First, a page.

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A Round-Up of Our Best Book Coverage for February 2017

A Round-Up of Our Best Book Coverage for February 2017

Picture of Michael Barron
Books and Digest Editor
Updated: 28 February 2017

Includes literature from the United States, Russia, Japan, China, South Africa, Egypt and elsewhere.



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“This list, then, is not a list of the best translators under 40, but a nod to a new generation that is helping the art of translation prosper, and an acknowledgement that more languages exist in literary translation than ever before.”

Michael Barron introduces Culture Trip’s “20 Translators Under 40”

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“2084 shows, fully, what had cautiously been argued in a few other works. Namely, that a totalitarian ideology is by definition religious, and that religions all contain the seeds of totalitarianism. Whatever the particular directing ‘truth,’ for both these systems the espoused doctrines are made to be the sole directors of society.”

Simon Leser on Boualem Sansal’s novel 2084

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“Despite the initial allusions to horror Darnielle gives to the novel, he has instead written a unique meditation on rural social mores, small town simplicity, and family grievances.”

Grant Gerald Miller on John Darnielle’s novel Universal Harvester

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“While I can’t tell you which of Du Fu or Li Bai, the innovator or the master, is the greater artist, that both are China’s literary heroes, and likely the country’s most influential poets, for 1,000-year old literature, this is no mean feat.”

Simon Leser on the enduring legacy of Li Bai and Du Fu

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“Alongside Trump’s admonishment of ‘fake news’ and Kellyanne Conway’s use of ‘alternative facts’ Erickson’s Shadowbahn has essentially presented us with a substitute America.”

Hayden Bennett on Steve Erickson’s novel Shadowbahn

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“Research was necessary to make sure everything came together properly in the translation. I combed through most of the prefectural and central police websites (I think all translators have very strange google histories), then government and media websites.”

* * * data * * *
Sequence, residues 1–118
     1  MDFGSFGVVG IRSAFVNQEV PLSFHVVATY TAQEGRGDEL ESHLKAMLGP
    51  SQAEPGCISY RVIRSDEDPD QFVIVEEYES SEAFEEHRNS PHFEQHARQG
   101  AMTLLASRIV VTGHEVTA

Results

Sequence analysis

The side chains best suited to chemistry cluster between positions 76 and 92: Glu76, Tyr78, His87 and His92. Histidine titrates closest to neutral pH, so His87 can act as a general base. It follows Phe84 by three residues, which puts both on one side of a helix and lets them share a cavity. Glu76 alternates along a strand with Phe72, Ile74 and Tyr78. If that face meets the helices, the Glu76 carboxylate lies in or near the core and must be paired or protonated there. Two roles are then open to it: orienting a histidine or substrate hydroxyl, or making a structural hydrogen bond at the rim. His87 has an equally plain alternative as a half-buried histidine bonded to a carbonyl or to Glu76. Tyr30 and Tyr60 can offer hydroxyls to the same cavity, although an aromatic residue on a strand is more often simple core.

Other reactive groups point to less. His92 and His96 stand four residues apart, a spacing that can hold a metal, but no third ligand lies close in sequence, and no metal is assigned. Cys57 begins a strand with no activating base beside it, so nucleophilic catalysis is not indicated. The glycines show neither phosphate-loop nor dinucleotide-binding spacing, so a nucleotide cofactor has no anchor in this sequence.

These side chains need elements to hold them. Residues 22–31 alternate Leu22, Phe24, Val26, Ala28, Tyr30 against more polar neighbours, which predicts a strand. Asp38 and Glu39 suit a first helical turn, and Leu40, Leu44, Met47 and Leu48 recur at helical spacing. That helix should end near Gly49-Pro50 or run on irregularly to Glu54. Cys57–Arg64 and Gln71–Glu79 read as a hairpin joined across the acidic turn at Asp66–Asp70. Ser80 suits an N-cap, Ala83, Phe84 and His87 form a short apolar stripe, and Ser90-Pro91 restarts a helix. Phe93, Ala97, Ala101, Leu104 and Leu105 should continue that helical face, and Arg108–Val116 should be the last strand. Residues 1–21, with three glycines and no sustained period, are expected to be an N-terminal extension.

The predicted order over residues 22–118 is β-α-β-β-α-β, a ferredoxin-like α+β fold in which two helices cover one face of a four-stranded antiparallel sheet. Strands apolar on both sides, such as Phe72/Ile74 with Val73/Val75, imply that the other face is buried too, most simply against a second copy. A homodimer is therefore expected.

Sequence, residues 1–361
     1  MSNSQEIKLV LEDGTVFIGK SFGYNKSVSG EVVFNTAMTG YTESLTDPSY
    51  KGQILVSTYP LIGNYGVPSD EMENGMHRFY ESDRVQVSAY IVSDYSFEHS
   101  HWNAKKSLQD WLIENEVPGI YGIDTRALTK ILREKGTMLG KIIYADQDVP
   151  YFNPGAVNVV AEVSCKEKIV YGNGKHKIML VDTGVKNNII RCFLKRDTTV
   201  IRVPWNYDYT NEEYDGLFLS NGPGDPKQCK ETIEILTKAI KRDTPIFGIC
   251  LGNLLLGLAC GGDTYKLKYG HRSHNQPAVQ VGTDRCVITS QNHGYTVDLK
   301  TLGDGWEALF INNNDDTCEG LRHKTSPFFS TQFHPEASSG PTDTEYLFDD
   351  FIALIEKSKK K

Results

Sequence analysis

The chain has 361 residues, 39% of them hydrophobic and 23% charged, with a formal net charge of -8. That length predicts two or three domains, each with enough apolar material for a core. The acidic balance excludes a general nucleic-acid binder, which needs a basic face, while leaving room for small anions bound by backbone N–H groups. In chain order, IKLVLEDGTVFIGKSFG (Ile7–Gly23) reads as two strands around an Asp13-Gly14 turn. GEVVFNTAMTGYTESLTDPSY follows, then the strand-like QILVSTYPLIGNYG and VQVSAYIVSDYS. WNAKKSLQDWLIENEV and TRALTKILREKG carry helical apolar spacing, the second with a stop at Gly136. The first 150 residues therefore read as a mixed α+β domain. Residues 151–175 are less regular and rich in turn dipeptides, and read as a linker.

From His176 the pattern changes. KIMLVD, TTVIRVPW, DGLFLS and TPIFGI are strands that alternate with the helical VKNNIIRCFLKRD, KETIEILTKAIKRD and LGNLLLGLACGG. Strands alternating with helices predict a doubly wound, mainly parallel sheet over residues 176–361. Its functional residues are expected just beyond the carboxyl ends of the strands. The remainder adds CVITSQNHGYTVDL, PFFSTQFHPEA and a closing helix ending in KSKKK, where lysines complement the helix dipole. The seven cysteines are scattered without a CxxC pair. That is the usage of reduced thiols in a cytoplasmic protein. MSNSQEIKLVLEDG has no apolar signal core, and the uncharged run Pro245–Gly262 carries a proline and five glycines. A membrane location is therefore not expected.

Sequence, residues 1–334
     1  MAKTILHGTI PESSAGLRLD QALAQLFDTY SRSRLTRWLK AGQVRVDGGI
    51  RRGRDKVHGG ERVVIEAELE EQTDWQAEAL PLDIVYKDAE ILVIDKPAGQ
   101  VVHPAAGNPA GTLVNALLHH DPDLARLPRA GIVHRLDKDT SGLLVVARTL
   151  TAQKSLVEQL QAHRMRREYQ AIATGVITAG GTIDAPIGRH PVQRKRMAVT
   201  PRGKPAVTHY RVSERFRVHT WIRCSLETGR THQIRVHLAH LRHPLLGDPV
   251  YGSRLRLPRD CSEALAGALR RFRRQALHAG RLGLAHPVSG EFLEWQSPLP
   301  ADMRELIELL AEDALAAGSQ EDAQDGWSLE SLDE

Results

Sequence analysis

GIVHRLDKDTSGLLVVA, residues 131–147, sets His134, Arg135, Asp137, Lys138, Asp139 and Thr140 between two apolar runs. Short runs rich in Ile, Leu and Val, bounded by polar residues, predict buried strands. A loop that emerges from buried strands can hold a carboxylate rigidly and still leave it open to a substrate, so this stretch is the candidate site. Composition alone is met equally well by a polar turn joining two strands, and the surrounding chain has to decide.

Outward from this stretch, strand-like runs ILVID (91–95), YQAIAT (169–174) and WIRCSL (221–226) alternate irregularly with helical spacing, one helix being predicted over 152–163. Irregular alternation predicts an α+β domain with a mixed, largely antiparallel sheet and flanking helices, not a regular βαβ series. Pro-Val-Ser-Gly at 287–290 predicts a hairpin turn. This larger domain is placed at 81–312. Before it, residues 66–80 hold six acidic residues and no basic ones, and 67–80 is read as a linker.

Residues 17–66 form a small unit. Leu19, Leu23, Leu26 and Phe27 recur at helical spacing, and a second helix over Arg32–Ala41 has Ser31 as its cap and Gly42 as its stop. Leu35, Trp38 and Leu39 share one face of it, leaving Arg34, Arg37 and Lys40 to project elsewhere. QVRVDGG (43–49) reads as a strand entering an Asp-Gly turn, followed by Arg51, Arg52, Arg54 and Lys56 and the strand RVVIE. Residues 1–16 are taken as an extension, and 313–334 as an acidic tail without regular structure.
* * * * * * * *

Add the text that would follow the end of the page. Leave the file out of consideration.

Jonathan Lloyd-Davies on translating the Japanese crime thriller Six Four

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“There are many other gems in this collection that uncover this vital need for comic relief from the futility and mundanity of existence; while some reveal hidden depths of humor and poignancy only after successive readings, a few are immediately memorable—particularly for the sense of poem-like equivocation they leave behind.”

Jane Cahane on the new Michael Hofmann translation of Franz Kafka’s story collection The Burrow

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“Foreign writers are often called on to be emissaries and explainers of the worlds they come from; and of course those politics do infuse the book. But South African readers, I think, understand my writing as more focused – one chip of colour in a bigger mosaic, a voice from a specific place and background, in conversation with other writers.”

Henrietta Rose-Innes on being a South African writer 

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“In case you’ve yet to be sunk by the deluge of coverage, you should know that the 100th anniversary of Russia’s twin, momentous revolutions lands this year: The Russian Empire collapsed on March 8, 1917, and the Bolsheviks took power a few months later on November 7. To mark the events, we’ll be showcasing a number of works tied to the creation of the Soviet Union and its enduring influence.”

Simon Leser suggests literature for the 100th anniversary of the Russian Revolution

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“Kitamura directs the narrative without being swept up in its drama. And from the first paragraph, it’s made clear that this won’t be a novel that moves through a relationship’s disintegration, but a rather glacial analysis of its causes.”

Michael Barron on Katie Kitamura’s novel A Separation

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“Whether or not you’re taken in by its intense mood swings or nostalgic evocations of a lost city, there is no doubt the reading experience is unlike any other. Enough to fall in love with, I’d like to think.”

Simon Leser on the legacy of Lawrence Durrell’s novel Justine

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“4 3 2 1 may be Auster’s most ambitious novel to date, a clever re-imagining of the more traditional socio-realist novels of a bygone age. Engrossing, thoughtful, it is in a way celebratory of life, its endless possibilities, and of everything we can be.”

Reece Choules on Paul Auster’s novel 4 3 2 1